Another well-known scarlet flower grew at Shingleton, one that I have grown several times in the past, but have always found monocarpic here; after it flowers it dies and usually without setting seed. This is the scarlet Delphinium, D. nudicaule, which was famously hybridised at the John Innes Institute many years ago with border delphiniums to form a race of fertile polyploid hybrids which allowed red delphiniums to become established in in the border. 'Delphiniums red and delphiniums blue', as Christopher Robin had it.
Mention of delphiniums allows me to escape from the colour scarlet, and to figure a blue species I saw near the start of my journey, in the meadows near Eastwood, south of San Francisco. Doubtless, these meadows dry up later in the season when this species, D. patens, aestivates.
Although unrelated botanically, it is somehow not a long haul from delphinium to lupinus, and we saw several lupins (or 'Lupines' as the Americans inexplicably call them). Here are a couple, first Lupinus succulenteus, quite a tall species growing at Shingleton, northern California.
Much more desirable to the Alpine eye was a dwarf silver-leaved plant which grew in the Haywood Hill Reserve in the Cascades, east of Seattle. This is Lupinus leucophyllus.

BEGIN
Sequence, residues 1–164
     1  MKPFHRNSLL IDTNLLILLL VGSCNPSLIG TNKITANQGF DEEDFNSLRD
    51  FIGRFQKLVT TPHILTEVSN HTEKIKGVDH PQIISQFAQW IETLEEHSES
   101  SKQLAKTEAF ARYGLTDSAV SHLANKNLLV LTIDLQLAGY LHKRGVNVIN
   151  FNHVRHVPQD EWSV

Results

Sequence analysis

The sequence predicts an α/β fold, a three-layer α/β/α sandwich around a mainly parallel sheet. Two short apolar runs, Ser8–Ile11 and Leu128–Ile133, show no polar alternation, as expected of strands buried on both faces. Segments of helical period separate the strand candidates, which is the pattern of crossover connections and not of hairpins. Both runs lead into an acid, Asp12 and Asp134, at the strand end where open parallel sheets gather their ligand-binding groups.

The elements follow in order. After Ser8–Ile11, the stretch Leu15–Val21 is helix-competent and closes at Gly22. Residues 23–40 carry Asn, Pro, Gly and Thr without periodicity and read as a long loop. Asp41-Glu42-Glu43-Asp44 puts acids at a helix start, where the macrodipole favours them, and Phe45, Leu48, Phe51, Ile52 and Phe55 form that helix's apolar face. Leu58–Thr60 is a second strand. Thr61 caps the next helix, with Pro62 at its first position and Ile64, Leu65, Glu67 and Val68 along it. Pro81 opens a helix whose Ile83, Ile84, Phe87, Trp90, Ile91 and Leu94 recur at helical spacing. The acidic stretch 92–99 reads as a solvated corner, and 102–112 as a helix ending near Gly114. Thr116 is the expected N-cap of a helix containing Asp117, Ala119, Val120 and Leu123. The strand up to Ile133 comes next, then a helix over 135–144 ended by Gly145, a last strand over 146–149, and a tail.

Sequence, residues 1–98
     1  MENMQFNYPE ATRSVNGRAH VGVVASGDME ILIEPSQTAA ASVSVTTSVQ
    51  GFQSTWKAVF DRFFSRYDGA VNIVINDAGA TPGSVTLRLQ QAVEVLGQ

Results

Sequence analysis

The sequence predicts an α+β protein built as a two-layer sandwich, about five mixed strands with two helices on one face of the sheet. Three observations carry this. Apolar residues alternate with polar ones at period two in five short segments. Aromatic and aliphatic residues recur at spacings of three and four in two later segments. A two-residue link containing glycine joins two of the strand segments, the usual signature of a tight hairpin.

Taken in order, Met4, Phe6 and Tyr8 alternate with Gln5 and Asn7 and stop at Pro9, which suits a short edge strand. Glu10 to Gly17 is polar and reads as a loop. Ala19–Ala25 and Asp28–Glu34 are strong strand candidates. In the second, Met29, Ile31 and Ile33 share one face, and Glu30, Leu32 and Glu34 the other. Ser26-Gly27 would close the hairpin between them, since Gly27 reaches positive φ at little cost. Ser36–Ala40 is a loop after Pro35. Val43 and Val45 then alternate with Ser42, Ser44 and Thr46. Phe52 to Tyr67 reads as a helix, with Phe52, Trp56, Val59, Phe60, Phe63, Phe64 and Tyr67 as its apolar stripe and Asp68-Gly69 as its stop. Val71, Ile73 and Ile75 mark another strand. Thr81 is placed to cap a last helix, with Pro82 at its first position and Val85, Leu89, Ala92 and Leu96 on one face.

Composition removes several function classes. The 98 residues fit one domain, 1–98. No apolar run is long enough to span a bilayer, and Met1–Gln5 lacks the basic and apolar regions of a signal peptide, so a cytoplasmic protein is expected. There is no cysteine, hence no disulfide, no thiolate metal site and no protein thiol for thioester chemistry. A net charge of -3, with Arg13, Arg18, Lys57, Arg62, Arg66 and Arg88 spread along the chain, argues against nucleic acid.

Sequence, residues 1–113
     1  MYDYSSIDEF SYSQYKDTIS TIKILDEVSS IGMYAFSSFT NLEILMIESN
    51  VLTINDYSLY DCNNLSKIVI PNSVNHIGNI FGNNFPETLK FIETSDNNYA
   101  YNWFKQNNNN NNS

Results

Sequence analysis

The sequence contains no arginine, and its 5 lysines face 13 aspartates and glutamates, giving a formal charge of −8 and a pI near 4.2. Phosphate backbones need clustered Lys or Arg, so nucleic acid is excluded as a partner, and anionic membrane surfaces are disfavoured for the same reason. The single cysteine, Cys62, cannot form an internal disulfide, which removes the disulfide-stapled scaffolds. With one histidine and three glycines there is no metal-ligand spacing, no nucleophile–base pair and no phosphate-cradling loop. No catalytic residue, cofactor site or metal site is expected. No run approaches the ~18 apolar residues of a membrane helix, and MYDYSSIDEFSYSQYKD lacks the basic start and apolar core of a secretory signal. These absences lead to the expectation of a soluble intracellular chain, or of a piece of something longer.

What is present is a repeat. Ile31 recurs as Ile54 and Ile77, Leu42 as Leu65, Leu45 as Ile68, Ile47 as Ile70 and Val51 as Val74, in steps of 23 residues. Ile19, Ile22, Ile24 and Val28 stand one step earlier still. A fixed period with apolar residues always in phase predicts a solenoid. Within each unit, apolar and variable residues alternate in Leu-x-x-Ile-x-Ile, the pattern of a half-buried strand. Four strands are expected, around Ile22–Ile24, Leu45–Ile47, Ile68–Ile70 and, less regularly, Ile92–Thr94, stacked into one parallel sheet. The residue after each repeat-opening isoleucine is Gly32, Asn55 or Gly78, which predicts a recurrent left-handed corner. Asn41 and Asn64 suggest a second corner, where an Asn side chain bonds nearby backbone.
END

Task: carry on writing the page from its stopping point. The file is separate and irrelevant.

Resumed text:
I had already featured violas and hesperochirons from Haywood Hill, but the lupin gives me the lead to illustrate two more desirable plants we saw there. First, quite the nicest Mertensia I have ever seen, certainly the equal of the difficult M. alpina, or M. sibirica. This is Mertensia longiflora, a delightful dwarf, only 5 cm high. In the distant shot it is growing with Claytonia lanceolata.
Another delightful plant here was the little-known Hydrophyllum capitatum, member of the type genus of the Hydrophyllaceae to which the better-known Phacelia belongs. I think the hydrophyllum is often polymorphic, with either blue or white flowers.
I am finishing with a couple of real north-western heavyweights. The first has made a real impact in gardens with a large pond, lake or stream, Lysichiton americanum. It was a real treat to see the Skunk Cabbage growing in the wild, and at a spectacular venue, in sopping wet ground amongst rocks almost within the spray zone of a waterfall at the McCord River Falls.
The other is that remarkable sarracenia-relative, Darlingtonia californica,the 'cobra lily', the hooded leaves of which do look amazingly snakelike as this insectivore rises from the hillside stream-trickles where it forms vast, impenetrable colonies. Does anyone grow this? I think I have never seen it in cultivation. You would need a hillside seep to grow it in, but many big Highland gardens can do this. Perhaps they are too cold.